When my mom was diagnosed with late-stage cancer in July of 2016, part of me began the grieving process. Her illness brought on a rollercoaster of emotions, thoughts, and experiences or I guess what others called it: “five stages of grief”.
Every time it seemed like she made a little bit of progress, it was quickly followed by another set of complications that brought her closer and closer to death. But I held onto a small glimmer of hope, so I offered words of encouragement, sat next to her and talked to her as if we were just in our living room instead of a sterile hospital room – and refused to believe that she couldn’t get past this.
I read testimonials of cancer survivors, researched online for alternative options, and bargained with God to please let her stay with me. And through all of that was a profound and deep-rooted sadness that I’ve never felt before. Little did I know, that I was already going through the stages of grief.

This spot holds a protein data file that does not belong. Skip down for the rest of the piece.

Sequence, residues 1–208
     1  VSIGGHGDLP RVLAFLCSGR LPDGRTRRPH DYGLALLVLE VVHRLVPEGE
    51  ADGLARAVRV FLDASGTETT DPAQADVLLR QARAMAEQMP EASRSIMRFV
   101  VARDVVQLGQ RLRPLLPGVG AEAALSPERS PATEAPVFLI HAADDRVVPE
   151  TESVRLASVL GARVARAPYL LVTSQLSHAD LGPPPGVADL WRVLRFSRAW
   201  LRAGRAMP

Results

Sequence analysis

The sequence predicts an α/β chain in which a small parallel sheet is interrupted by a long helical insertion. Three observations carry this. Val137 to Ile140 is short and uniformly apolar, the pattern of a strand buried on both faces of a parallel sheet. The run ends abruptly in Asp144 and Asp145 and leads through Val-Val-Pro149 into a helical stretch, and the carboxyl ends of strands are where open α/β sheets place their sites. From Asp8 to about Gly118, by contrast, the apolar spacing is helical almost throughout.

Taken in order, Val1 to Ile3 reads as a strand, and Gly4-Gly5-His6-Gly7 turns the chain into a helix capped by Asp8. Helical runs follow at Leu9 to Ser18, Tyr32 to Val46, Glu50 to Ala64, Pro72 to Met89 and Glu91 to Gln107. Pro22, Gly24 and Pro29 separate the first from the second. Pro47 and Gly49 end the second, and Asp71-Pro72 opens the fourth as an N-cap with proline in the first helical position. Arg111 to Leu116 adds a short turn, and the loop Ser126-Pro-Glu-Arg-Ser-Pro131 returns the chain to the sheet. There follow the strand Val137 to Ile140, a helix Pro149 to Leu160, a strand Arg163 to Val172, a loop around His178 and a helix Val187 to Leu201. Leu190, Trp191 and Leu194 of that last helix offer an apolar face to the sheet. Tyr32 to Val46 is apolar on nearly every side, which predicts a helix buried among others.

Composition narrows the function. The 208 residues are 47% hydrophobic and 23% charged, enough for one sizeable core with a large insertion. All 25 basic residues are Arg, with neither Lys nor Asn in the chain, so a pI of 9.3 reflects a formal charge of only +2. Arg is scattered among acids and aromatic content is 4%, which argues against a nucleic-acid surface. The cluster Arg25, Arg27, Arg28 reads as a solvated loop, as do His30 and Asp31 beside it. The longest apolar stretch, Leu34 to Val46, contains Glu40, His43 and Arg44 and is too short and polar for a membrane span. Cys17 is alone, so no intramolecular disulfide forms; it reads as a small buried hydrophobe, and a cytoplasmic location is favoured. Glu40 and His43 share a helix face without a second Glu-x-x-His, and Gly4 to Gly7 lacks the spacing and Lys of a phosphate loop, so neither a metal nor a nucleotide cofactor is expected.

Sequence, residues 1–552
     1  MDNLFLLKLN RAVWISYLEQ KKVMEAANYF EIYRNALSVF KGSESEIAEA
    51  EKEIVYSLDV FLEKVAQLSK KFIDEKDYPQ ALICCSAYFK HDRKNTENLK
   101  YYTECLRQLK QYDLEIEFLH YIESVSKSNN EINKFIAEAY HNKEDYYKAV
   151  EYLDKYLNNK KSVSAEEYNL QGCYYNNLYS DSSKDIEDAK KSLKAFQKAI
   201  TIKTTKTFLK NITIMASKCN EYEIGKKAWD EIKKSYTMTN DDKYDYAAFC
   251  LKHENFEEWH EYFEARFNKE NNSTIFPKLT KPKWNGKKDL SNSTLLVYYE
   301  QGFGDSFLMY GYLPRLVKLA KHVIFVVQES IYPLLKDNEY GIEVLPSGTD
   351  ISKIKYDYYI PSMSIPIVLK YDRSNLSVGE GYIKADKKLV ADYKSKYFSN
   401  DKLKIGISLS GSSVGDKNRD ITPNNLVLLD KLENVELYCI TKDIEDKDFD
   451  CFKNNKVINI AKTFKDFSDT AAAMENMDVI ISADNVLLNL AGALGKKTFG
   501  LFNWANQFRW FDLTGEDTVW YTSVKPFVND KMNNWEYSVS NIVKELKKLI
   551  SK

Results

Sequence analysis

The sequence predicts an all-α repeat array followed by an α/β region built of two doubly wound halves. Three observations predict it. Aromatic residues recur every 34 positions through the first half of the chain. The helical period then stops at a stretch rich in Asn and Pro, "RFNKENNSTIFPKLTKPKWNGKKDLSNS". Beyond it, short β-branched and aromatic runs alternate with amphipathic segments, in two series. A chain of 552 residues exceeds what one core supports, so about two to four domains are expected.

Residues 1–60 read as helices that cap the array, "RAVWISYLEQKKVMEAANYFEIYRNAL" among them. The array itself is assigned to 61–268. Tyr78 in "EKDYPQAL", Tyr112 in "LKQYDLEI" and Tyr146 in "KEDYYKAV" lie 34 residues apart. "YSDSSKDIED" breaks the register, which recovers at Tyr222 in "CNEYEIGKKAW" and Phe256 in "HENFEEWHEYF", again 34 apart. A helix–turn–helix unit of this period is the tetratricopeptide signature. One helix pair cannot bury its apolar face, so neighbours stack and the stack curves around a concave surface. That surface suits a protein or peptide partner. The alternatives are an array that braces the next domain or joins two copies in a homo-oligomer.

In the months after her death, I made peace with my new reality but that didn’t end any of the grieving process. I continued to cycle through those stages of grief (and never in that order) but this time, a new feeling intertwined itself through each stage: renewal.
I have a new perspective on life. I’d be lying if I said that my new outlook pushed away the grief – but I can say that it helps me endure the pain because the pain will never go away. Knowing anger allowed me to appreciate peace; knowing sadness allowed me to appreciate happiness; knowing disbelief allowed me to appreciate the present; and knowing death allowed me to appreciate life. So I guess through this traumatic event, I’ve become stronger and I feel a sense of peace knowing that I’ll carry my mom’s memory in my heart for as long as I live.